Drivers know that potholes can be annoying, but they are in fact very dangerous as well. Properly fixing potholes is necessary to ensure that motorists can navigate roadways safely.
Because there are different types of potholes, it is imperative that those repairing the damage know how to fix the specific problem. Properly repairing a pothole depends on what type of pothole it is, the extent of the damage, the material composition, and even the location of the pothole. This quick guide provides information on the types of potholes so that we can better understand how different potholes get fixed.
Why Do Pothole Types Matter?
If you’re repairing a pothole, you need to know the type of hole you are dealing with. This way, you can have the correct materials and tools on hand to complete the job. An improperly repaired pothole can become a bigger problem later on, which can wind up costing homeowners more in the long run. Improperly repairing potholes also eventually gives the contractor doing the work a bad name. This can be harmful to your business.
What Does Quality Pothole Repair Look Like?
When a pothole has been repaired properly, it should stand up to the pressure and friction caused by drivers. The repaired surface will constantly be exposed to regular traffic and pressure. The area will also be exposed to the elements of the weather. Quality work should be able to withstand all of this without wearing away.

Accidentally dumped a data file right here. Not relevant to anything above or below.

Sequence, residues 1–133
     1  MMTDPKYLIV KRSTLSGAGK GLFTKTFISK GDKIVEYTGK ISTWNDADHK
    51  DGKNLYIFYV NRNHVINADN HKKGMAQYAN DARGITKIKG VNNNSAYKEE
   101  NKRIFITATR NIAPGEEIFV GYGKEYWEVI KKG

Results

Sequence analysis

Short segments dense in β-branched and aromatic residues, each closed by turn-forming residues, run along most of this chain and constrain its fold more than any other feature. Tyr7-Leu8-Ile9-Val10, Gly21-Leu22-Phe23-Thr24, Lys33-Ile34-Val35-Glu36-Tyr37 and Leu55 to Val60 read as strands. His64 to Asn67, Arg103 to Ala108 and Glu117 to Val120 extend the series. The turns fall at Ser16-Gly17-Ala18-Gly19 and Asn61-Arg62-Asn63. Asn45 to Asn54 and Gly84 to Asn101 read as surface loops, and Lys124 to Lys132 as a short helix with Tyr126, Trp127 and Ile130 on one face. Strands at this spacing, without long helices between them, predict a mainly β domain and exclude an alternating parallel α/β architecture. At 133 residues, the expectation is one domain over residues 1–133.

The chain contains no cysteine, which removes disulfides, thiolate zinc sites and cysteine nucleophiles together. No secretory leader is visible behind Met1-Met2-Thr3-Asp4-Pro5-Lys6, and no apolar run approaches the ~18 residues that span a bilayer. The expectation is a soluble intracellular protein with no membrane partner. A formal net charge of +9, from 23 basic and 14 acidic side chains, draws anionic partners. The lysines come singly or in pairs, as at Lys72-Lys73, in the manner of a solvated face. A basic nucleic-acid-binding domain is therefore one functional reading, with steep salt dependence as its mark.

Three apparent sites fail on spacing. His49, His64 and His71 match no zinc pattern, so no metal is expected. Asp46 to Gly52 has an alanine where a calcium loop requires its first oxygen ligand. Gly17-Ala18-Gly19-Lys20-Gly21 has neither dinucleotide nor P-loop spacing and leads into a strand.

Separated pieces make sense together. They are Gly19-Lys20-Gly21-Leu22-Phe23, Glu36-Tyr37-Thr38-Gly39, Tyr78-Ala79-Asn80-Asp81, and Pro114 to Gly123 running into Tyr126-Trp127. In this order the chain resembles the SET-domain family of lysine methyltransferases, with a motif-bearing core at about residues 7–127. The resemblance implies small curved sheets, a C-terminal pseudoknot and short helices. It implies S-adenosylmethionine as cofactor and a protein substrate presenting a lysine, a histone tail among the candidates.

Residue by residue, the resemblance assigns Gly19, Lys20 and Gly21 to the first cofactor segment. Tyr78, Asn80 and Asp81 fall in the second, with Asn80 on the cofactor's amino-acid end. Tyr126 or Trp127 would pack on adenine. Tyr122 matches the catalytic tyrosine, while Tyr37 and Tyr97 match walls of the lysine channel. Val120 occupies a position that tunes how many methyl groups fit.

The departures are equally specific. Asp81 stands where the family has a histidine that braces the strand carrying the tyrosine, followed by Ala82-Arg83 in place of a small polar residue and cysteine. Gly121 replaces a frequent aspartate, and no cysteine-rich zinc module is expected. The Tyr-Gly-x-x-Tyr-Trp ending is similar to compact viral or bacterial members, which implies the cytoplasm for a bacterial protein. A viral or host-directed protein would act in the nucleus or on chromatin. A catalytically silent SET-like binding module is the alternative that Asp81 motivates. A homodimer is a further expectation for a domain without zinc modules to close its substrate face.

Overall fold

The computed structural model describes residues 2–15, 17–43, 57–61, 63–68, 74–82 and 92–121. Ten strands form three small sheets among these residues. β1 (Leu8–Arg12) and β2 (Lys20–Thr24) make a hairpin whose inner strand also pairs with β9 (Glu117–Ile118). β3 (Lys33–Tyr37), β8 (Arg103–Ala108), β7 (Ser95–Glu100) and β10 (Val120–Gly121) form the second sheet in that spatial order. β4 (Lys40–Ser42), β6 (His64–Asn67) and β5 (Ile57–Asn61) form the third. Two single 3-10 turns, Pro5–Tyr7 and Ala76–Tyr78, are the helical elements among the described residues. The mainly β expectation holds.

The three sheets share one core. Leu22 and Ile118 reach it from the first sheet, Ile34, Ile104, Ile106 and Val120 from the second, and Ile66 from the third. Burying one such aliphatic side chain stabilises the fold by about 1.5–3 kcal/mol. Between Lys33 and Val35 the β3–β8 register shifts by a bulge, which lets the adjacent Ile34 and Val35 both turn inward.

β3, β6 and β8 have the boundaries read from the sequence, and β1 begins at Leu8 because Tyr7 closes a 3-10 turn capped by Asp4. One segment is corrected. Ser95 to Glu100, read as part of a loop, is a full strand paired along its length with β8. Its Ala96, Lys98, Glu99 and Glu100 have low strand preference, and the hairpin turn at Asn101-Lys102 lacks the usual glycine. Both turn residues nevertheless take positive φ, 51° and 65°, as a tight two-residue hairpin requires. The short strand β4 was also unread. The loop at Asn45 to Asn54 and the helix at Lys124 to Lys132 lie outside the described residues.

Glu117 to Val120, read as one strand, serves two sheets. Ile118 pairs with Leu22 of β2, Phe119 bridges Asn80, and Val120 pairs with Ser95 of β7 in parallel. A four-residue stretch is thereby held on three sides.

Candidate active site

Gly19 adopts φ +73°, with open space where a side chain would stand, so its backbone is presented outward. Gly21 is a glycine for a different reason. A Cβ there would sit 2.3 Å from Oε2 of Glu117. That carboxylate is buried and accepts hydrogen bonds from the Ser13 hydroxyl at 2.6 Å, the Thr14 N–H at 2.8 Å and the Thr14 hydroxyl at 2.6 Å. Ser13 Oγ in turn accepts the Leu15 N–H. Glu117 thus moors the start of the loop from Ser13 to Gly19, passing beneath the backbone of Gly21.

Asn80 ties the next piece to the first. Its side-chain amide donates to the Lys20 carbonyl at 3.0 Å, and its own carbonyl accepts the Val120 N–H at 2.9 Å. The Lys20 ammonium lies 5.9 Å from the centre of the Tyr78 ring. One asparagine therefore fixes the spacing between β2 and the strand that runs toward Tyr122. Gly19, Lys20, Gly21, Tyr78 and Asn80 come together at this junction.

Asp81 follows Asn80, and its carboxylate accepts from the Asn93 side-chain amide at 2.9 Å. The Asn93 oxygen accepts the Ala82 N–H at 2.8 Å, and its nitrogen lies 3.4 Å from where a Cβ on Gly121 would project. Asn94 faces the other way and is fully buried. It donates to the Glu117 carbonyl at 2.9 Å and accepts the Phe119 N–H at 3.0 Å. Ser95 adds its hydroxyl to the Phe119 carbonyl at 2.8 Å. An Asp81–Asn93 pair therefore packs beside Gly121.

Professional contractors can help homeowners determine the type of repair they need on their surfaces.
Different Types of Potholes
Normal: A normal pothole is often the type of damage you see on roadways and driveways in which the material has worn away in a circular fashion. This creates a dip in the surface that can be hard on vehicles and unsafe for walking.
Seam damage: Seam damage takes place along seams in the concrete or other types of surfaces. This is where the forms were established to pour the concrete originally.
Storm drain damage: When storm drains are damaged, it can have a negative impact on how water runs off the property. It is very important to have storm drain damage fixed quickly to avoid erosion and other water management or soil management issues.
Oil spots: Although technically not a pothole, oil spots can be an annoying problem on concrete surfaces. When regular pressure washing does not remove oil spots, you may want to contact professionals in your area for help.
Is Pothole Repair DIY?
Pothole repair needs to be done by a professional. Professional contractors evaluate the type of damage and determine the best type of repair. They are well trained in the many types of materials used for hard surfaces. They also have the proper tools to get your project finished quickly.
Categorised in: Potholing Utilities
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